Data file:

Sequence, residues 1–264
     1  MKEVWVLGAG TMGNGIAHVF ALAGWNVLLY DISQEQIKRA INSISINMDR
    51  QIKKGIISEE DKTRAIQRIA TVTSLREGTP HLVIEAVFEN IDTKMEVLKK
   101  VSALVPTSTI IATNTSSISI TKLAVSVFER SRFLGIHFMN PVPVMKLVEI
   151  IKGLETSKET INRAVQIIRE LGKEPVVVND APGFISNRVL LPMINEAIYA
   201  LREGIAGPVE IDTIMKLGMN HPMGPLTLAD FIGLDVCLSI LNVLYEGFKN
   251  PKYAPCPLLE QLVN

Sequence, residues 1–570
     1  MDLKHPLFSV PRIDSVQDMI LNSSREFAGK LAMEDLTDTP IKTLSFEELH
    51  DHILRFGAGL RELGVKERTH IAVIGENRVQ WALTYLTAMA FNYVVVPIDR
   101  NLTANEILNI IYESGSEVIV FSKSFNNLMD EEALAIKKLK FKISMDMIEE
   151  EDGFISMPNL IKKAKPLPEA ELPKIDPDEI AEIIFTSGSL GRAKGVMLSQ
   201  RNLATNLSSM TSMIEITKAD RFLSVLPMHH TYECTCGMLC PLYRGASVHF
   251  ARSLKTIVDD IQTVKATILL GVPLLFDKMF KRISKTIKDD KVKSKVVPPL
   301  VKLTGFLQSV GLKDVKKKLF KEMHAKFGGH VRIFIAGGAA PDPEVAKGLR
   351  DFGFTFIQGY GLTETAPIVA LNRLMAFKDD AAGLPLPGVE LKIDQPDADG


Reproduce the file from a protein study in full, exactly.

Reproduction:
Sequence, residues 1–264
     1  MKEVWVLGAG TMGNGIAHVF ALAGWNVLLY DISQEQIKRA INSISINMDR
    51  QIKKGIISEE DKTRAIQRIA TVTSLREGTP HLVIEAVFEN IDTKMEVLKK
   101  VSALVPTSTI IATNTSSISI TKLAVSVFER SRFLGIHFMN PVPVMKLVEI
   151  IKGLETSKET INRAVQIIRE LGKEPVVVND APGFISNRVL LPMINEAIYA
   201  LREGIAGPVE IDTIMKLGMN HPMGPLTLAD FIGLDVCLSI LNVLYEGFKN
   251  PKYAPCPLLE QLVN

Sequence, residues 1–570
     1  MDLKHPLFSV PRIDSVQDMI LNSSREFAGK LAMEDLTDTP IKTLSFEELH
    51  DHILRFGAGL RELGVKERTH IAVIGENRVQ WALTYLTAMA FNYVVVPIDR
   101  NLTANEILNI IYESGSEVIV FSKSFNNLMD EEALAIKKLK FKISMDMIEE
   151  EDGFISMPNL IKKAKPLPEA ELPKIDPDEI AEIIFTSGSL GRAKGVMLSQ
   201  RNLATNLSSM TSMIEITKAD RFLSVLPMHH TYECTCGMLC PLYRGASVHF
   251  ARSLKTIVDD IQTVKATILL GVPLLFDKMF KRISKTIKDD KVKSKVVPPL
   301  VKLTGFLQSV GLKDVKKKLF KEMHAKFGGH VRIFIAGGAA PDPEVAKGLR
   351  DFGFTFIQGY GLTETAPIVA LNRLMAFKDD AAGLPLPGVE LKIDQPDADG